Free Stress and Personality Types Essay Sample
Burger defines personality as consistent behavior patterns and intrapersonal processes that take place within an individual. (Burger, 2008 p.4) This means that individuals behave in a way that is predictable and altogether expected since we draw these conclusions from an observers point of view. Again, the intrapersonal processes that are taking place within the individual have to do with their emotional and cognitive aspects of processing the external and or internal stimuli and how we react to these stimuli. Personality is forged through human interaction right from birth. It is part of the human growth process. Shetty observes that Values are experiences that a child undergoes during its formative years. He further adds that a child who observes vices and negative behavioral responses from his or her parents absorbs these actions as part of his or her own personality.
Stress is intricately tied to our personality. Sometimes stress is part of the person-making process, with individuals adopting certain practices of alleviating stress that eventually become a part of who they are. On the other hand, personality can shape the forms of expression of stress when individuals come under pressure. This is what Naomi describes as the inferior function of stress expression. She says that there are two dynamics that are in operation when it comes to alleviating or dealing with stress. There is the dominant function that focuses on cognitive process and there is the inferior function that focuses on primitive intuitive processes. (Naomi 2002) These forces are in a limbo and exist in such a balance as to definitively create personalities depending on which side we tend to lean more.
There are the two major personality types; the introverts and the extroverts. In an experiment to determine responses of introverts and extroverts under pressure Barbara concluded that introverts have a higher yielding point than extroverts do while in timed activities extroverts tend to perform better because they are relatively agile and quick. (Barbara 2009) Stress affects people with different personalities differently, Introverts deal with stress from a subject point of view while extroverts deal with stress from an object point of view.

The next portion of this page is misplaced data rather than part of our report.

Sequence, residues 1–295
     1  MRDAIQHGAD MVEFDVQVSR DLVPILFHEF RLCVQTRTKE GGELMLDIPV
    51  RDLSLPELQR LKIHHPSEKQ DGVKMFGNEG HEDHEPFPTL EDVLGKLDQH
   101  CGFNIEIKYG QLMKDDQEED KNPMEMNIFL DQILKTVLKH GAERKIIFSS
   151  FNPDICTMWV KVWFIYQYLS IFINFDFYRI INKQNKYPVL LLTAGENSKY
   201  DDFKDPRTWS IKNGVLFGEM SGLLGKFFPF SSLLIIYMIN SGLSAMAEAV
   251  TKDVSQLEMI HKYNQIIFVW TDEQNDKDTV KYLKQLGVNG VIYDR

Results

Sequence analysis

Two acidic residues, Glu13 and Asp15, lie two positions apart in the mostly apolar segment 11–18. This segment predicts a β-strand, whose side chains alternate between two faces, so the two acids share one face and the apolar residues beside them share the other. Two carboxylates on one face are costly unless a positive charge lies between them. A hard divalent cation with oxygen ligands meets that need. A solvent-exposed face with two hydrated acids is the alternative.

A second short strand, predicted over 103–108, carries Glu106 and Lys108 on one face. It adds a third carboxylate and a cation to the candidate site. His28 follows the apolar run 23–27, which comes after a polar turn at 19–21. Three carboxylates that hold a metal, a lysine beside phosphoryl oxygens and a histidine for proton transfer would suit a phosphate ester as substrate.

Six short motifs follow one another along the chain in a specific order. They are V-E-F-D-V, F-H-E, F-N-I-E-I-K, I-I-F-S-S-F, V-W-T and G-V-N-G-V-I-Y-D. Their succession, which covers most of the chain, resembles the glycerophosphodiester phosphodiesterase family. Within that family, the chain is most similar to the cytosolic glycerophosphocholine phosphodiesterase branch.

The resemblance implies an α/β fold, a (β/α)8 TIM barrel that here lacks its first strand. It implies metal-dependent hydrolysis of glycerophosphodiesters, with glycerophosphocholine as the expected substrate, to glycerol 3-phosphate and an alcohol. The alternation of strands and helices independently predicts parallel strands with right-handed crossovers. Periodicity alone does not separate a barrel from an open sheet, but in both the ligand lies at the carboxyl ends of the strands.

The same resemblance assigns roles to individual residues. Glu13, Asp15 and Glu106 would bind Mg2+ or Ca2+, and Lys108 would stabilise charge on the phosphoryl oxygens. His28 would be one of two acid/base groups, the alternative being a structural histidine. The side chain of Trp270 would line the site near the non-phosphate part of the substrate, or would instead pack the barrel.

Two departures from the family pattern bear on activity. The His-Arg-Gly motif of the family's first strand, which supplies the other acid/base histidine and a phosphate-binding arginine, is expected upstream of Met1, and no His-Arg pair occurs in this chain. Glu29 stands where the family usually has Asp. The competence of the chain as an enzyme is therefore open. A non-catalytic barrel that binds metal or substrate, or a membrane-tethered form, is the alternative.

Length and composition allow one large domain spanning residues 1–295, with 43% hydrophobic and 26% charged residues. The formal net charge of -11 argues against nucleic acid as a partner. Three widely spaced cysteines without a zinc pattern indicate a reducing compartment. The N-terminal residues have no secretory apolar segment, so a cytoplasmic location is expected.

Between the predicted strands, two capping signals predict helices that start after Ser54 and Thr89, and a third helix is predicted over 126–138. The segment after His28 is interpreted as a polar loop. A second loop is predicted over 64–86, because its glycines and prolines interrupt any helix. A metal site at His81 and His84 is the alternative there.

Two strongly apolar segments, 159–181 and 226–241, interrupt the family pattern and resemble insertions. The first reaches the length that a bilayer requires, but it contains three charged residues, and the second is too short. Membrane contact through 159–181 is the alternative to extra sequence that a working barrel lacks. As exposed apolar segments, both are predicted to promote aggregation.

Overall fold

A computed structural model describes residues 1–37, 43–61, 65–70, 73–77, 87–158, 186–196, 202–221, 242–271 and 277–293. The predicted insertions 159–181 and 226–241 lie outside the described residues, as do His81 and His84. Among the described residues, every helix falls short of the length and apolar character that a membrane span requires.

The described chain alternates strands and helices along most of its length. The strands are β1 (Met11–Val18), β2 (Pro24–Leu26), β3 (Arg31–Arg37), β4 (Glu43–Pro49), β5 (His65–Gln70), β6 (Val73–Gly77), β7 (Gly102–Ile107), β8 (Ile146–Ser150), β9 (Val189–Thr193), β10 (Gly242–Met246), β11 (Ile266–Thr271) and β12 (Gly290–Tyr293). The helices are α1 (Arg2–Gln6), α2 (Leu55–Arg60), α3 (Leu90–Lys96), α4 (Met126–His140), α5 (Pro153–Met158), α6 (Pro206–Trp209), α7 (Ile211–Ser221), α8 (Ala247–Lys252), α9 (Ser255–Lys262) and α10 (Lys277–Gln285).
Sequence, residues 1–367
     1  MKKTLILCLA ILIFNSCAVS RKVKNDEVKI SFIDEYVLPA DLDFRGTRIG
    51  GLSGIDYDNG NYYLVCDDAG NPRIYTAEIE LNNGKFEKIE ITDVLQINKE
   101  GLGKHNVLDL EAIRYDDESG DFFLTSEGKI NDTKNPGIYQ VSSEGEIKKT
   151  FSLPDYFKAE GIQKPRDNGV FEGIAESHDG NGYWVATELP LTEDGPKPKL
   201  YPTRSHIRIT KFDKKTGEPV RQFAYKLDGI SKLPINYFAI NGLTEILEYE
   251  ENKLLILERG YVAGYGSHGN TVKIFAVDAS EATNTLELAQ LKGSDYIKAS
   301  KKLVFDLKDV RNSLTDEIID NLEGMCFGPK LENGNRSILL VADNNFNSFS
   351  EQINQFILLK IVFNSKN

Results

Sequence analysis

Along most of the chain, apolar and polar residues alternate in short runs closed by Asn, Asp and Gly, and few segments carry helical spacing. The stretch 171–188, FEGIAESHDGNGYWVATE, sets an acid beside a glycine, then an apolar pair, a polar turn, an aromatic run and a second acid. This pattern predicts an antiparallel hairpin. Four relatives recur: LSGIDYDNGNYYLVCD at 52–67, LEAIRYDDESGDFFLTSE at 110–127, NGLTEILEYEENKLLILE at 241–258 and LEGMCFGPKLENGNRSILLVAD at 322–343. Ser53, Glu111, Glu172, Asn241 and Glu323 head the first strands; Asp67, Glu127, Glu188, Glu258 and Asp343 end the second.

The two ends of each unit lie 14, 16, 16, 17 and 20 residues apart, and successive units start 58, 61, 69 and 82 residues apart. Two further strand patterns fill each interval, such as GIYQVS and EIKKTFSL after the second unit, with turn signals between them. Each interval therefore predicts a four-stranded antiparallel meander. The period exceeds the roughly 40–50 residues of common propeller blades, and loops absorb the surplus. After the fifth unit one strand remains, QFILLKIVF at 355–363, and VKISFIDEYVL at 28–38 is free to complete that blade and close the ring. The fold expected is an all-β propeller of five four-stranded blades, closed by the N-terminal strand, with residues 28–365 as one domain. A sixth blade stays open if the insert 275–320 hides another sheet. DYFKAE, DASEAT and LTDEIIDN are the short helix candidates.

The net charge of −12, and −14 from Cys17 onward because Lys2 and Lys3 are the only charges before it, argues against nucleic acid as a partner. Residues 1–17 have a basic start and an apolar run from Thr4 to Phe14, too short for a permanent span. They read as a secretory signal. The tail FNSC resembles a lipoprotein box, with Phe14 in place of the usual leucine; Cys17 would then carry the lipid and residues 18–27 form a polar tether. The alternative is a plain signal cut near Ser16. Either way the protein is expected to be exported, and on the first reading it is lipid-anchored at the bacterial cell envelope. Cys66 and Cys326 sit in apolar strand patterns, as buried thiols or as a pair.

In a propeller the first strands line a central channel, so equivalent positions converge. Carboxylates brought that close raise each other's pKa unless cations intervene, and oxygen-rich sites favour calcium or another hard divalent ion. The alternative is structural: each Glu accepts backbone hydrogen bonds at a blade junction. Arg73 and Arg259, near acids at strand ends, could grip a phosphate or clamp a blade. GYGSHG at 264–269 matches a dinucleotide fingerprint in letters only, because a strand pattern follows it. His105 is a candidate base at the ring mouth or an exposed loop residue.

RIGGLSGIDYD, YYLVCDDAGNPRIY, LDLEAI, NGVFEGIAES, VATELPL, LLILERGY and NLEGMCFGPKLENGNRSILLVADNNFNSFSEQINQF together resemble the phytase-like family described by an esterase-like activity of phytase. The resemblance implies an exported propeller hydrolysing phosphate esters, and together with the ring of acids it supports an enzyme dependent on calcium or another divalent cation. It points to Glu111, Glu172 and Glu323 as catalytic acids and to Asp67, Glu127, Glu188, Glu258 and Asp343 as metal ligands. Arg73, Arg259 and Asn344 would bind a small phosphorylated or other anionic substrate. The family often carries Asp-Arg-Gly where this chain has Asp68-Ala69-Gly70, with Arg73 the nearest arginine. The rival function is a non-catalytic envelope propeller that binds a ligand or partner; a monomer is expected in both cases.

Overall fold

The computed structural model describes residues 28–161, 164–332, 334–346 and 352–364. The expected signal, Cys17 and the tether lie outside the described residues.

An article at the Discovery Fit & Health website says the following about stress and personalities
"People with "Type A" personalities, for example, are rushed, ambitious, time-conscious and driven. Studies suggest these traits, if not properly managed, can create stress-related illnesses. In contrast, the "Type B" personality is a much more relaxed, less time-conscious and driven person. Type B personalities are able to view things more adaptively. They are better able to put things into perspective, and think through how they are going to deal with situations. Consequently they tend to be less stress-prone."
In a research done by Eysenck about the relationship between smoking and personality traits, he discovered that those who smoked for pleasure and therefore exhibited a extraversion form of behavior had less stress while those who he referred to as smoking to drown their sorrow and therefore of an introversive form tended to be very stressed. (Eysenck, 1991) However, introversion and extroversion forms are in all individuals in varied proportions. Daryl says that we need both of these for the sake of personal development, which is a critical part of dealing with stress. (Daryl, 1987)
In conclusion, stress development is tied to personality traits or types. Individuals respond differently to stress depending on the kind of personality traits they exhibit. Stress can be advanced or contained by individuals depending on how they respond to factors surrounding their stressing conditions. Individuals take different measures to curb stress and therefore different responses achieve different results on alleviating stress. Introverts and extroverts show different styles of relating to stress and consequently relating to those who are around them. Individuals can strike a balance between introversion and extraversion in order to deal with stress effectively as part of personal therapy.